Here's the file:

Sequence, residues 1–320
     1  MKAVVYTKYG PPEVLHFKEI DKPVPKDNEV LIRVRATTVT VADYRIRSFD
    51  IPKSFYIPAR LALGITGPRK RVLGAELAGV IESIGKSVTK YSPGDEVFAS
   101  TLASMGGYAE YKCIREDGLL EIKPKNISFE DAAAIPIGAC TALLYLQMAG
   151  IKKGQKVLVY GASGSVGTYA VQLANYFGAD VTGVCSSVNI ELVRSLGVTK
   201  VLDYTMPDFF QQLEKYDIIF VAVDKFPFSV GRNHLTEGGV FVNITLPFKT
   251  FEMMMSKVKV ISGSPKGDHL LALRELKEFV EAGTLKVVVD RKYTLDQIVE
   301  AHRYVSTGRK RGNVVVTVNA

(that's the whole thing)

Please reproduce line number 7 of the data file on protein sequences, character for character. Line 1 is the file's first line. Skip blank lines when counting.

   251  FEMMMSKVKV ISGSPKGDHL LALRELKEFV EAGTLKVVVD RKYTLDQIVE